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Tracing the movement of irrigated effluent

Abstract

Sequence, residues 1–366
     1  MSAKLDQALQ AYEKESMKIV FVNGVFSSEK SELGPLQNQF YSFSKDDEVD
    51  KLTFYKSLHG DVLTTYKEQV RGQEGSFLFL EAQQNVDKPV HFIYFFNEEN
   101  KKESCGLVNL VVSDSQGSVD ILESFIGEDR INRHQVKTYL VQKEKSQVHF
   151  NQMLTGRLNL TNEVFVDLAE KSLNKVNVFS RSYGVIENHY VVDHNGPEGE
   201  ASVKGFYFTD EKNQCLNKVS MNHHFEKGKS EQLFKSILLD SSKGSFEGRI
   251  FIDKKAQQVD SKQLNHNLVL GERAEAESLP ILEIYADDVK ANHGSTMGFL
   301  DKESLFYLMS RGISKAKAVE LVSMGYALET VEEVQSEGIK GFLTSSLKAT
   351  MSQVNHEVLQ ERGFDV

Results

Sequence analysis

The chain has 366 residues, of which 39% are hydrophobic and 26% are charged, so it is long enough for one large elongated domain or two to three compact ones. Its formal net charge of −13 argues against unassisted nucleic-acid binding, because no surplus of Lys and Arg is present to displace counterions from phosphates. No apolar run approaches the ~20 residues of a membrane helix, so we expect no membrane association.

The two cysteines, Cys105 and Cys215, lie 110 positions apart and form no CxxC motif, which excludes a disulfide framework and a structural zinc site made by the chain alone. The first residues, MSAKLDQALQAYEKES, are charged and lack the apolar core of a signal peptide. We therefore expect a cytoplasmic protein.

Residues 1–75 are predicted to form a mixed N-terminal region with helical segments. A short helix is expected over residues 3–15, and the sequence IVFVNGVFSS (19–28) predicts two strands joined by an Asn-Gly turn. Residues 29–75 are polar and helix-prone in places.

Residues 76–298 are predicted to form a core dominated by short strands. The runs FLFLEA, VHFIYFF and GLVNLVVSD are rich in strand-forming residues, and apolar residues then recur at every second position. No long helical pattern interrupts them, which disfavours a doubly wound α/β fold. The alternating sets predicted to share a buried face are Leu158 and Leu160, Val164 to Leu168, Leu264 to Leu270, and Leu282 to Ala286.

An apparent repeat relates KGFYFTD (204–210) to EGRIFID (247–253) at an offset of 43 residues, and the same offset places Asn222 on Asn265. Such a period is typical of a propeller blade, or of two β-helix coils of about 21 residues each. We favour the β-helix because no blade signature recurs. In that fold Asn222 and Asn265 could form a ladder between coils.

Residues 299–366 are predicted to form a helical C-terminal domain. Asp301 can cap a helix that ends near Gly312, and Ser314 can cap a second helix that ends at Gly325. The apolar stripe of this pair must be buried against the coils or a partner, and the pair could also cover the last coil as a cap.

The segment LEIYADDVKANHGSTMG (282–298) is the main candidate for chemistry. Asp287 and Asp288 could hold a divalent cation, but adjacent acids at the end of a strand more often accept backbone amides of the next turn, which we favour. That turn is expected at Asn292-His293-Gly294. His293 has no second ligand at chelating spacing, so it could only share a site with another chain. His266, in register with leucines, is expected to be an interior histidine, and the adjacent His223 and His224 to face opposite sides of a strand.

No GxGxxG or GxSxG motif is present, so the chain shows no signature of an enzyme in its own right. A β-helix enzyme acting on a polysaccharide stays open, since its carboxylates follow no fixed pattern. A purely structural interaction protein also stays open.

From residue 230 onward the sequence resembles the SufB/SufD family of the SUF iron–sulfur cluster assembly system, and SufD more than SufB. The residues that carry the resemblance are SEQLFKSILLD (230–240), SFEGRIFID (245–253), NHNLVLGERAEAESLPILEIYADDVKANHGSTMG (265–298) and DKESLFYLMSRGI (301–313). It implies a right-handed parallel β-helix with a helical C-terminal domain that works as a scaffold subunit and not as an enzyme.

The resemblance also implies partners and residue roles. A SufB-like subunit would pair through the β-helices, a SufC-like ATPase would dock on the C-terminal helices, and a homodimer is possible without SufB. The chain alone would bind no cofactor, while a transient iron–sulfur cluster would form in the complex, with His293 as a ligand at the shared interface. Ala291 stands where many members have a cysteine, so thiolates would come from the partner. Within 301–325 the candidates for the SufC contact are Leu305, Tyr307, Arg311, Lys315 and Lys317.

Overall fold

Three microbial tracers – Escherichia coli J6-2, a somatic coliphage (ØESR1) and endospores of Bacillus subtilis var. niger NCIB 8649 tracer strain JHI – were added to effluent flood irrigated onto border dyke strips at a sewage treatment plant near Christchurch, New Zealand. All three tracers, and three effluent indicators – faecal coliforms, F-RNA phages, and chloride – were recovered in a bore, approximately 100 m downstream. A simple spatial model was applied to the breakthrough curves (BTCs) in the bore, using a series of hypothetical “entry points” in the strips. This analysis indicated effluent transport velocities through the 16.8 m deep vadose zone of between 15.7 and 39.2 m hr− 1. The shapes of the BTCs for the microorganisms and chloride were very different, suggesting that they reached the groundwater table via two pathways: – both underwent rapid transport to the groundwater though macropores, but chloride also underwent far slower (matrix) transport though micropores. The BTC shapes also suggested transport velocities in the vadose zone of E. coli J6-2 > B. subtilis JH1 endospores > phage ØESR1, which is consistent with the theory of pore size exclusion, based on particle size. Reductions in microbial concentrations were ≈100 times greater than for chloride, and occurred rapidly, suggesting that up to 99% of the microorganisms underwent early exclusion from macropore flow and were removed during matrix flow. Nevertheless, the results show that substantial numbers of bacteria and viruses will still reach the groundwater through macropores beneath effluent irrigation schemes located on alluvial gravel formations.

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